Animal cryptochromes mediate magnetoreception by an unconventional photochemical mechanism
Department of Neurobiology; Reppert Lab; Graduate School of Biomedical Sciences, Neuroscience Program
Animal Migration; Animals; Animals, Genetically Modified; Butterflies; Cryptochromes; Drosophila Proteins; Drosophila melanogaster; Eye Proteins; *Magnetics; Orientation; *Photochemical Processes; Photoreceptor Cells, Invertebrate; Transgenes
Neuroscience and Neurobiology
Understanding the biophysical basis of animal magnetoreception has been one of the greatest challenges in sensory biology. Recently it was discovered that the light-dependent magnetic sense of Drosophila melanogaster is mediated by the ultraviolet (UV)-A/blue light photoreceptor cryptochrome (Cry). Here we show, using a transgenic approach, that the photoreceptive, Drosophila-like type 1 Cry and the transcriptionally repressive, vertebrate-like type 2 Cry of the monarch butterfly (Danaus plexippus) can both function in the magnetoreception system of Drosophila and require UV-A/blue light (wavelength below 420 nm) to do so. The lack of magnetic responses for both Cry types at wavelengths above 420 nm does not fit the widely held view that tryptophan triad-generated radical pairs mediate the ability of Cry to sense a magnetic field. We bolster this assessment by using a mutant form of Drosophila and monarch type 1 Cry and confirm that the tryptophan triad pathway is not crucial in magnetic transduction. Together, these results suggest that animal Crys mediate light-dependent magnetoreception through an unconventional photochemical mechanism. This work emphasizes the utility of Drosophila transgenesis for elucidating the precise mechanisms of Cry-mediated magnetosensitivity in insects and also in vertebrates such as migrating birds.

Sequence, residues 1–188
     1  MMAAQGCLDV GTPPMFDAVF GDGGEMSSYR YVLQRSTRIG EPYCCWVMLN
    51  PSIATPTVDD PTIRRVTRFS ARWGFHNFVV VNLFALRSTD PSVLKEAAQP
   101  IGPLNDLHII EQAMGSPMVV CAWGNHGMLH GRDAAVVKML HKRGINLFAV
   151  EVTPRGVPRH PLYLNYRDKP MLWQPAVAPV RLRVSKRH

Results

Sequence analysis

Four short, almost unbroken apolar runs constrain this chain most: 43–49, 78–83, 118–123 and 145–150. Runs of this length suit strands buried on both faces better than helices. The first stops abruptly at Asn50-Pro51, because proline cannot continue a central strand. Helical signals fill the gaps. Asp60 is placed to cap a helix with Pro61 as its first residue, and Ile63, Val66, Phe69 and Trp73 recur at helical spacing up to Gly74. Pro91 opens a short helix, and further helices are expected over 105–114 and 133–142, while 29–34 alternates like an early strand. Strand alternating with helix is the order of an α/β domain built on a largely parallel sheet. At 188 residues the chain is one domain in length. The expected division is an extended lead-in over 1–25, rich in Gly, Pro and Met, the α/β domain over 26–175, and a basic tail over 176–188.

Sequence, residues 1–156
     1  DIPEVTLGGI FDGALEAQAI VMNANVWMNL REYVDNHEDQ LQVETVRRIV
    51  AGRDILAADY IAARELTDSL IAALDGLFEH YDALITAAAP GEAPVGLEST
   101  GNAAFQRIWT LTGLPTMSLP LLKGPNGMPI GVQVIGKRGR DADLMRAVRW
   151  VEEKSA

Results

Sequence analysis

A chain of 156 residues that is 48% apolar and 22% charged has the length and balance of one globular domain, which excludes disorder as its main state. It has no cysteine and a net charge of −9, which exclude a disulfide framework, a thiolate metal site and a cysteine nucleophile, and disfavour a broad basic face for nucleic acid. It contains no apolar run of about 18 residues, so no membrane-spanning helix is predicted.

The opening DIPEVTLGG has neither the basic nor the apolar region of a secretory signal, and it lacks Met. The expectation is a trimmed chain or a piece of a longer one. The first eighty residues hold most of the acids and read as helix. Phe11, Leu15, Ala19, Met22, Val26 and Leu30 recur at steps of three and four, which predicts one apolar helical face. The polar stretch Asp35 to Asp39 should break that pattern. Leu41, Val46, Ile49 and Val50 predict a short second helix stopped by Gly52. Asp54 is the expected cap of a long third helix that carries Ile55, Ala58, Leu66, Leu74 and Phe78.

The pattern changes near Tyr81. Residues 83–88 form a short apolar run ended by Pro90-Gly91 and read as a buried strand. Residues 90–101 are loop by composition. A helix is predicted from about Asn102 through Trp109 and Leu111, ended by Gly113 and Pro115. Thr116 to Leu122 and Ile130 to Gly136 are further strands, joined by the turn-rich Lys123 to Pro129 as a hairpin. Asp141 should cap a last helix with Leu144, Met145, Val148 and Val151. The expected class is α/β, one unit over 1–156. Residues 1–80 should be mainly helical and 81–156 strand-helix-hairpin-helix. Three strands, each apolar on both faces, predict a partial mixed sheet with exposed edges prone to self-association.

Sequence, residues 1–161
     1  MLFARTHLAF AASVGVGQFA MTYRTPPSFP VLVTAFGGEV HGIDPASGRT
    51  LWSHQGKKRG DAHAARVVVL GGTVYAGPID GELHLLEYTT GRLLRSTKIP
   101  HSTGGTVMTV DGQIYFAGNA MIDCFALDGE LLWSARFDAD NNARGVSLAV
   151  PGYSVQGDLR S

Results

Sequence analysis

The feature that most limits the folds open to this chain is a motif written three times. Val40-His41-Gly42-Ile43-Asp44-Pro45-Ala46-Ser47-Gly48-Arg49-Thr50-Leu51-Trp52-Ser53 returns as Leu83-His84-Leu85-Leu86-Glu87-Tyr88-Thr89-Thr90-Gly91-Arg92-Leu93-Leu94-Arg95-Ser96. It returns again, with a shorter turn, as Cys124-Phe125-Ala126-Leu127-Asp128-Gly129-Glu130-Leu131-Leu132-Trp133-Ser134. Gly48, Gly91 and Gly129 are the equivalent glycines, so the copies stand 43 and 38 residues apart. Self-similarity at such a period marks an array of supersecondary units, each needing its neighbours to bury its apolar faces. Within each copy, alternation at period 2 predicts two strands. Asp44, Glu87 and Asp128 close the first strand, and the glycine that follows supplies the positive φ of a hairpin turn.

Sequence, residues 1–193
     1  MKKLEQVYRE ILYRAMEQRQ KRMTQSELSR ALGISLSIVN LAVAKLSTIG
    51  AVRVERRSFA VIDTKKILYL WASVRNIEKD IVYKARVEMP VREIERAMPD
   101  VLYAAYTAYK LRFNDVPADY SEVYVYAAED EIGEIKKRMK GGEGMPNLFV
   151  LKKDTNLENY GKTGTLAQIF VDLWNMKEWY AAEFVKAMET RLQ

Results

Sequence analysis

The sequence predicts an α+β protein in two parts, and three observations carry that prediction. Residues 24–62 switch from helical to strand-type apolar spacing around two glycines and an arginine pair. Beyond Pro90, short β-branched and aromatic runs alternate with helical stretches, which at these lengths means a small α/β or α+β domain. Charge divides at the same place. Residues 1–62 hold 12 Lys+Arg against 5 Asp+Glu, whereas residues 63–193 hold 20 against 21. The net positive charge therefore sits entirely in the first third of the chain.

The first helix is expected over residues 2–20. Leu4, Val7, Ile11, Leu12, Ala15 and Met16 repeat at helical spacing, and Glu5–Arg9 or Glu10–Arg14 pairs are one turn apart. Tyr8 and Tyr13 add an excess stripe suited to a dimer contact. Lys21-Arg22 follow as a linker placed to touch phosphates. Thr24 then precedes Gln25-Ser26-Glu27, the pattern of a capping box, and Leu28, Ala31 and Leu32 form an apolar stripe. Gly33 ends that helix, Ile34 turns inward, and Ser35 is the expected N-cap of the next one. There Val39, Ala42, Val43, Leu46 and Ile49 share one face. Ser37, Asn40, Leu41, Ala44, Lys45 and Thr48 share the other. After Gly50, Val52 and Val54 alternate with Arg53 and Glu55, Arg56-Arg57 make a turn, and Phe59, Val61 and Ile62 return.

DOI of Published Version
Nature. 2010 Feb 11;463(7282):804-7. Epub 2010 Jan 24. Link to article on publisher's site
Gegear RJ, Foley LE, Casselman AL, Reppert SM. (2010). Animal cryptochromes mediate magnetoreception by an unconventional photochemical mechanism. Neurobiology Publications. https://doi.org/10.1038/nature08719. Retrieved from https://escholarship.umassmed.edu/neurobiology_pp/20